Course Enrollment

At the Graduate School, “enrollment” refers to the process of adding, dropping, or withdrawing from courses. 

Course Requirements

The Graduate School does not set specific course requirements for earning a degree but students are required to enroll in a minimum of 12 credits each semester. The Special Committee (or advisor) is the sole judge of whether you must take courses. If you’re in a professional master’s program, such as the Master of Engineering, Master of Professional Studies, or Master of Regional Planning, course requirements will be specified by the field.

  • The graduate faculty does not differentiate between undergraduate and graduate courses; nor does it regulate the type or number of courses you may take. It is up to you to be aware of your individual Special Committee’s requirement.
  • Students not enrolling in sufficient courses must be enrolled for research using either Graduate School or, if available, departmental course numbers assigned for that purpose. Graduate School research courses will be automatically adjusted at the end of the drop period to bring total credits to 12.

​Enrolling in Courses

Enrollment must be completed within 15 calendar days of the start of the semester and is accomplished using Student Center. Review Classes + Enrollment at the University Registrar’s web site for enrollment dates and information.

Some fields require your advisor to authorize your online enrollment. Check with your graduate field assistant (GFA) or the Office of Student Services at the Graduate School if you have trouble signing up for courses.

Some courses require permission of the instructor to register. To get permission, complete a course enrollment form, available from the Graduate School, and get the signature of the course instructor.

Grading Options

When you enroll in a course for credit, you may be offered the option of taking it for a grade or pass/fail. Not all classes offer this option.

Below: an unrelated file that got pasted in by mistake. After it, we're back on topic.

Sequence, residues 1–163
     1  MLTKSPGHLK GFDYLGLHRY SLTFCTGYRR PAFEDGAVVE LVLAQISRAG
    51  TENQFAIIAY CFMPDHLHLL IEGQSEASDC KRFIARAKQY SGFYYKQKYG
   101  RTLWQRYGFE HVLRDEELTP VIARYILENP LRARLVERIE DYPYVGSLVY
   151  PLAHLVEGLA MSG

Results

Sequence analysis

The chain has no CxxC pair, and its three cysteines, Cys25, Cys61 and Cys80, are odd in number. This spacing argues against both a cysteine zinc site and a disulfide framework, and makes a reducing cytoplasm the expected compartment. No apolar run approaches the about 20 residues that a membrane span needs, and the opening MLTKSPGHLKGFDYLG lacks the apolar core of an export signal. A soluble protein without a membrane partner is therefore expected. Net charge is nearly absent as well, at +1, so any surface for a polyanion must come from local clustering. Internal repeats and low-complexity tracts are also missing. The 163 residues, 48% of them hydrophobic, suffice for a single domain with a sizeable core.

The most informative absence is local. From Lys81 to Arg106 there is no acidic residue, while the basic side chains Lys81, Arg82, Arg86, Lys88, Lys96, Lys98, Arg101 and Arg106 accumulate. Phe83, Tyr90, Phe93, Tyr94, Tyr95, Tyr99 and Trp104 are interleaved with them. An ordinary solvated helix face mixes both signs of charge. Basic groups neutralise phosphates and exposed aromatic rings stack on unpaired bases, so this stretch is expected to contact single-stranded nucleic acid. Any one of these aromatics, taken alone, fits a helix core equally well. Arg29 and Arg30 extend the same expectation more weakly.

Incompletes (INC)

If you do not finish all the course work by the end of the course, the professor may assign you an Incomplete (INC) and give you time to finish. However, instructors are not required to do this and may instead deduct unfinished work from your final grade.

Dropping Classes or Changing Grading Options

Courses can be dropped or grading options and credit hours can be changed as follows:

  • Add/ change:   The last date to add a class or change credits is within 15 calendar days of the start of the semester.
  • Drop:  The last date to drop a class or change the grading basis is seven weeks after the start of the term.  All drops and changes must be made through your Student Center.

Please be aware, that changes to course enrollment are not permitted after official course enrollment dates. In accordance with University policy, the Graduate School will only accept course enrollment petitions for truly exceptional circumstances. If you drop a course after the drop date your transcript will show a “W” signifying that you withdrew from it. The deadline to drop with a “W” is the last day of classes.

Changing an ‘Incomplete’ or ‘No Grade Reported

You have one year from the end of a course to satisfy its requirements. Once you have satisfied this requirement, your professor will change your grade from “Incomplete” (INC) or “No Grade Reported” (NGR) to a letter grade. That grade will appear with an asterisk on your transcript. If you do not satisfy course requirements, the INC or NGR becomes a permanent part of the transcript. You can retake the course, but both the INC or NGR and the most recent grade will be on your transcript.

Auditing Classes

Auditing a class means you regularly attend the class, but do not participate in all aspects of the course. You won’t receive any credit hours and the course will be marked with a “V” on your transcript. Some courses do not lend themselves to auditing, and in such cases instructors may not allow it.

Graduate students may enroll in any course offered by the University, though some courses impose restrictions or prerequisites. Your special committee may want you to concentrate solely on your research, so you should discuss potential elective courses with your committee members.